At 4pm, we start packing up the Really, Really Free Market and prepare to head over to the convergence space for a debrief on yesterday's action and an update from the jail. There are rumors of more arrests, more brutality. There's a sense of urgency, not just because more of our friends may have been arrested, but because our permit to be in this space expires and it is not an easy place to get away from, should the cops close in on us. But there is also a reluctance for the Market to end and a need for some closure, so the pagans bring everyone together for another spiral dance. Our intention is to draw strength from each other, close the space, and send protection to our friends at the jail (both in and out). We wind around each other holding banners of blue cloth (representation of the Living River) wrapped around the group or fluttering in the wind over our heads. It is a moment of true magic, we laugh, we cry, and we hold each other. As we sing and weave our intention into a tangible web of power, we feel the promise of a time and a place where we are all of us free to speak our truth without fear.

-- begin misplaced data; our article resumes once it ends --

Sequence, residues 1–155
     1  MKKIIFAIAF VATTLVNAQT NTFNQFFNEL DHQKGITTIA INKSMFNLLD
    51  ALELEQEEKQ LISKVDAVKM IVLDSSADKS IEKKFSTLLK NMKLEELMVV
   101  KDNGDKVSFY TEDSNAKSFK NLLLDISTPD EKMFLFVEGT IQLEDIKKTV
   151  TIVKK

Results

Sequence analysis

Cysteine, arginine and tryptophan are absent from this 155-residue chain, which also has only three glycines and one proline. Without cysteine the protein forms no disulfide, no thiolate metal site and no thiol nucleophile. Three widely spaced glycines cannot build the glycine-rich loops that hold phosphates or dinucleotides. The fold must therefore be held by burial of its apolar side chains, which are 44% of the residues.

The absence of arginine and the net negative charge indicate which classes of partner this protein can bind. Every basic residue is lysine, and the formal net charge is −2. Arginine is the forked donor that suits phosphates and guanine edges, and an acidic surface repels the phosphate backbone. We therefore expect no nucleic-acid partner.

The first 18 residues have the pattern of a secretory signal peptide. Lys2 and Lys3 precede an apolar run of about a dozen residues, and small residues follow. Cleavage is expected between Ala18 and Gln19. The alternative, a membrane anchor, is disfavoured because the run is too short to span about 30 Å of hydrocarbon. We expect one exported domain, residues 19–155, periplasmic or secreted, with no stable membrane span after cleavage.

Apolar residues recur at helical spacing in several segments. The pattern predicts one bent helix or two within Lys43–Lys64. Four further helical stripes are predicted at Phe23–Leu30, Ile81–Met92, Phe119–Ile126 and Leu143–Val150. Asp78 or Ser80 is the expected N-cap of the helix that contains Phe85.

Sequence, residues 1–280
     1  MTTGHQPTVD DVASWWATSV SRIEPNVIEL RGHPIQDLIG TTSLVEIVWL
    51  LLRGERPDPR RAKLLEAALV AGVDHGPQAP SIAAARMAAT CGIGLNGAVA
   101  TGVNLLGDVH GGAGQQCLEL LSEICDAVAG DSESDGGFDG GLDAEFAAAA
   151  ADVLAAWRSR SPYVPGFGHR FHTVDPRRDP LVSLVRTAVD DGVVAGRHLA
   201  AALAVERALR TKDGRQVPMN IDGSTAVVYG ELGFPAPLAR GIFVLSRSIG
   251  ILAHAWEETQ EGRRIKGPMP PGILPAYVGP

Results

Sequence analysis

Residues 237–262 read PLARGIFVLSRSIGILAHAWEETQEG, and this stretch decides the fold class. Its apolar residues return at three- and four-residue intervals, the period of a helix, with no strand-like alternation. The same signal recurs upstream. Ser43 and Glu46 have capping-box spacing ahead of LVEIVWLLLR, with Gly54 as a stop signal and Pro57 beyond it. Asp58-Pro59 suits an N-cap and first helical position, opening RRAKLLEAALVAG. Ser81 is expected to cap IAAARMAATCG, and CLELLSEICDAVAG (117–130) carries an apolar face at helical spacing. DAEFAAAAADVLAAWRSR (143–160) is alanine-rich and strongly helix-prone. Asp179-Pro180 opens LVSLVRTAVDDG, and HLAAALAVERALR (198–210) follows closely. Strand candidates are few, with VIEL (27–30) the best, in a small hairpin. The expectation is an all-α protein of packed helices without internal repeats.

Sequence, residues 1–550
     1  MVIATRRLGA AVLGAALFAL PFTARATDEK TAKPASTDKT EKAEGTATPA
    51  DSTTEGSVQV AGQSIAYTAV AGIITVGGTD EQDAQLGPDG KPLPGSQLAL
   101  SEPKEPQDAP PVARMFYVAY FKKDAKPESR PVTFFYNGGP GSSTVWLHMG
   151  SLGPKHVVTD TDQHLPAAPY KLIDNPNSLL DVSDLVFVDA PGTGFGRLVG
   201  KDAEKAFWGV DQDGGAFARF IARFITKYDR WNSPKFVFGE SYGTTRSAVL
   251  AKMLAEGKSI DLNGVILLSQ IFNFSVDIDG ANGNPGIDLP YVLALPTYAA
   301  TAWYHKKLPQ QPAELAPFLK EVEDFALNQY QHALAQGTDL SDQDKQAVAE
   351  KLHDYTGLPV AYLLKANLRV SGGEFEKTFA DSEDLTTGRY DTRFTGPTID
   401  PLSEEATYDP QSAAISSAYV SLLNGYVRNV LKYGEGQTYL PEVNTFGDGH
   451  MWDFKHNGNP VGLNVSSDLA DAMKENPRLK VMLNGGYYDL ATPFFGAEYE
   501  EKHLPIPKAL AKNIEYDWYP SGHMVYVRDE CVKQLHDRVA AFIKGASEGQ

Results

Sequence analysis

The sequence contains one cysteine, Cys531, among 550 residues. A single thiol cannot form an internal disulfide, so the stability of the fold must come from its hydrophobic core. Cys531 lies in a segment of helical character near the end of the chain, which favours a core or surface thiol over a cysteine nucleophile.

"And our hands remember how to spin,
We spin freedom on the rising wind,
We spin the threads of life, the cords of fate,
We spin love into a river that can overcome hate.
We spin justice burning, like a flaming star,
We spin peace into a river that will overrun war,
And if you want to know where true power lies,
Just turn and look into your sisters' eyes...